While the design is generally quite strong, we have concerns with two areas, which we encourage you to raise as well:

  1. Protected intersectin needed at South Capitol St. – this is an extremely high vehicle volume intersection with a very high volume of turns where many people on bikes have already been injured in crashes. DDOT should reconfigure this intersection to protect bicyclists behind curbs to limit conflicts approaching and within the intersection.
  2. Unprotected bike lane is not the right solution at Amidon Bowen Elementary School – west of 4th St SW, DDOT has proposed using a painted, unprotected bike lane outside of curbside parking to enable curbside pickup-dropoff at the elementary school. Though children arriving by car need a safe space to exit the car curbside, children arriving by bike and the daily traveling public I St. by bike deserve the same. DDOT should instead use a design that ramps the bike lane up to sidewalk level (similar to a shared bus platform).

For more detail and to see the plans, click here. The comment period closed on August 8th.. Where is this?

19th St NE Protected Bike Lanes

This project will install a two-way protected bike lane on the west side of 19th Street NE from East Capitol Street to C Street NE and move parking to the east side of the street. This short protected bike lane will be the first piece of a more comprehensive network of protected bike lanes on 19th NE/SE, 17th NE/SE and Potomac Ave SE which are still in planning and C St. NE which is under construction. 

This short segment is being expedited by the request of ANC 6A to be ready before the 2022/23 school year to allow students safer trips to Eliot Hine Middle School and Eastern High School by bike.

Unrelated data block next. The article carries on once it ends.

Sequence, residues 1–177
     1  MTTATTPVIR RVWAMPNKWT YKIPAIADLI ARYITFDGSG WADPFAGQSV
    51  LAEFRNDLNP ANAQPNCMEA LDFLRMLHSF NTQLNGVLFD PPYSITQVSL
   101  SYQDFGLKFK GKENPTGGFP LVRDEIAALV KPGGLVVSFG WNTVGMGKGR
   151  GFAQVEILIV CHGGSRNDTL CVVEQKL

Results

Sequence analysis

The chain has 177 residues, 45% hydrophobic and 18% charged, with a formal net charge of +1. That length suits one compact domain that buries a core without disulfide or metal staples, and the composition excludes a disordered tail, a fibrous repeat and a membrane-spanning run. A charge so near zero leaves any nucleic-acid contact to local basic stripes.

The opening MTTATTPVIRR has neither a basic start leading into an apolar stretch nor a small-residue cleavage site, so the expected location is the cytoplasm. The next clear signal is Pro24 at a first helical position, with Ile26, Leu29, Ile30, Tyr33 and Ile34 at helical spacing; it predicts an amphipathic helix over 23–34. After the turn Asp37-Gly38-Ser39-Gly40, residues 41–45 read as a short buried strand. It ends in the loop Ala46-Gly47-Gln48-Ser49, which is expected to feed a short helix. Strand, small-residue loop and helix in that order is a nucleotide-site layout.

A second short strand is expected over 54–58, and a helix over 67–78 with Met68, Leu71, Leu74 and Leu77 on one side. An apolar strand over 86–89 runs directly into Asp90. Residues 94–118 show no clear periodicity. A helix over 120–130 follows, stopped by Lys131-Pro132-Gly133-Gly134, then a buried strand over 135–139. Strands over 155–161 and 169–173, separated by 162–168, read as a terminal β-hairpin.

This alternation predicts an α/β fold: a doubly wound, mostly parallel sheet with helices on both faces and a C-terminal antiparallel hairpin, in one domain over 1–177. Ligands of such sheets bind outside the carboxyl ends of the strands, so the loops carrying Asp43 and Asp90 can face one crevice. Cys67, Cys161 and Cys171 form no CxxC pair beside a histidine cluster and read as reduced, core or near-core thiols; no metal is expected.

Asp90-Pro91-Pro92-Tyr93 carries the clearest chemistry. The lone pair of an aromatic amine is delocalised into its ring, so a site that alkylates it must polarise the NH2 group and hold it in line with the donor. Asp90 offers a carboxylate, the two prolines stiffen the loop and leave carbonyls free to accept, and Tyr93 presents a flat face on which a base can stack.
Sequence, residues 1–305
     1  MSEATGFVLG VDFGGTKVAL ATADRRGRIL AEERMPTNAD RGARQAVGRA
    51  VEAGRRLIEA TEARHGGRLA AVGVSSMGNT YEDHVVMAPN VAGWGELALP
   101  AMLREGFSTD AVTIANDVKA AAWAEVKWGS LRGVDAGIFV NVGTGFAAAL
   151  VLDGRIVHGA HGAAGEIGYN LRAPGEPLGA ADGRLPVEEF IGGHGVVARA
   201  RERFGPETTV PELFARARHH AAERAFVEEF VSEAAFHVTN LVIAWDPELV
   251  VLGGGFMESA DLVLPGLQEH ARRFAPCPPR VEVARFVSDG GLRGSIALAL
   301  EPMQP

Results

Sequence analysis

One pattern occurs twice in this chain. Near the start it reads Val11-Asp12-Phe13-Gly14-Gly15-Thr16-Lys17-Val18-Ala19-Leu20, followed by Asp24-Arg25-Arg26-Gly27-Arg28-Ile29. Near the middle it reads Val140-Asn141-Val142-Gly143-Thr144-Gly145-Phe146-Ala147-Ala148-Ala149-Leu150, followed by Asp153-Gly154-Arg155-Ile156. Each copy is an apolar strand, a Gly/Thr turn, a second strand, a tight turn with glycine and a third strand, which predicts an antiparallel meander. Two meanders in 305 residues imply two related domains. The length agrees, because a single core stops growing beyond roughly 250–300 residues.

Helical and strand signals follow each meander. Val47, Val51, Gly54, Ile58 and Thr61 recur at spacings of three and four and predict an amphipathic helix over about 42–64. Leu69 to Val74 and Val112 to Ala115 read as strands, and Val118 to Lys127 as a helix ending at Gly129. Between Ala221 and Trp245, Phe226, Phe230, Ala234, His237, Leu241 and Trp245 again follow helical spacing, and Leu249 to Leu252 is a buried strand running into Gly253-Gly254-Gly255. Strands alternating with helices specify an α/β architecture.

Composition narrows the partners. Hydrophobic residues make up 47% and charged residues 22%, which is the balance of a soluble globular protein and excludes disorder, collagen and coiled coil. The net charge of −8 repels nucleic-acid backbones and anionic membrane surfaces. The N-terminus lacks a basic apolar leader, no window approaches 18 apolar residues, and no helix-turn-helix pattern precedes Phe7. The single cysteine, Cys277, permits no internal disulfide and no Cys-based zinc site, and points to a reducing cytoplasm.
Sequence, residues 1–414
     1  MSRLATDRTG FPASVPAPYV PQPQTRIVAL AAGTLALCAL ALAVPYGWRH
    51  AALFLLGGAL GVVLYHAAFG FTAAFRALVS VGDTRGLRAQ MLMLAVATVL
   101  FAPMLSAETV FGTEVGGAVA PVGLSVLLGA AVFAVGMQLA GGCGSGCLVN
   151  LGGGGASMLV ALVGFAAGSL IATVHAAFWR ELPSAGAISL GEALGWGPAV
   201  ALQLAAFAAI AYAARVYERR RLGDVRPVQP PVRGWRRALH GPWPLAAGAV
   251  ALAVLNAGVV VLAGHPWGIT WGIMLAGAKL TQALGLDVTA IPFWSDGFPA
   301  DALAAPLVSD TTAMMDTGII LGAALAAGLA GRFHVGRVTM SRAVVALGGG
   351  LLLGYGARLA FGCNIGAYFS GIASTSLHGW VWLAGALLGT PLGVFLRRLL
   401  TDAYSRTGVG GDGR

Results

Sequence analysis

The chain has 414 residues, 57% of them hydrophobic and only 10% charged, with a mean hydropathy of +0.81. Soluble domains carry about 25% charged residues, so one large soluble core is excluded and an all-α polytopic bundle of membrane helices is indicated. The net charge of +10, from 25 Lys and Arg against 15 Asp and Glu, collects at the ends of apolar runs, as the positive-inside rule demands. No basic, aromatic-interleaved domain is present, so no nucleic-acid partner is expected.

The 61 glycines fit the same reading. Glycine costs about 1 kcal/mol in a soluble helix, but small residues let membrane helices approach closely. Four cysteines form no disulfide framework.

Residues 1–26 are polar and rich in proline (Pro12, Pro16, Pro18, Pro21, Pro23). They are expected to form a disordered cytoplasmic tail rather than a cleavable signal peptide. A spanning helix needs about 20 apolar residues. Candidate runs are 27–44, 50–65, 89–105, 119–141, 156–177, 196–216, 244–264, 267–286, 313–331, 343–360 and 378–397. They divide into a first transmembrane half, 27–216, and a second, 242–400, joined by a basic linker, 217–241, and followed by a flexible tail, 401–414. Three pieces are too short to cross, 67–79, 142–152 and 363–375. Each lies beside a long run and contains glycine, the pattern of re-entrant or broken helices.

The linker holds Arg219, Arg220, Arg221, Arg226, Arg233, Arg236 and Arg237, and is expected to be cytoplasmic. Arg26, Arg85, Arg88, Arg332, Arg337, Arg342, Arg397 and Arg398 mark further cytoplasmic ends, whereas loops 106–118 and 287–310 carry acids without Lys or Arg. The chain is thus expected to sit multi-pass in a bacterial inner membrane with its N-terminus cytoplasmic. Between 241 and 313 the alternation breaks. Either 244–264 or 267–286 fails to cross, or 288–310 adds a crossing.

For more detail and to see the plans, click here.  The comment period closed on August 8th. Where is this?

Monroe St. NE Protected Bike Lanes

This project will convert the existing Monroe St. NE painted bike lanes to a 2-way protected bike lane from 8th St. NE to Michigan Ave NE on the north side of the street. This new bikeway will connect to existing and planned protected lanes at 8th St. and to a planned sidepath on Michigan Ave to the Irving St. protected bike lanes The project includes a new dedicated turn lane at 7th St, designated pickup-dropoff zones and parking on each side of the street,. and a new raised bus platform to maintain access to the bus stop at 7th St. 

For more detail and to see the plans, click here. The comment period closed on August 2nd. Where is this?

What’s a Notice of Intent?

Under DC Law, the District Department of Transportation is required to give written notice to relevant advisory neighborhood commissions before making any changes to streets that affect traffic operations or on-street parking in their area. The Notice of Intent is a formal comment period when any individual or ANC may submit written comments about a project, typically offering support, opposition, or substantive suggestions on design. Once the comment period closes, DDOT staff summarize comments, tally support and opposition. Finally, DDOT convenes an internal review panel to consider comments, determine a path forward, and provide any required responses to ANCs.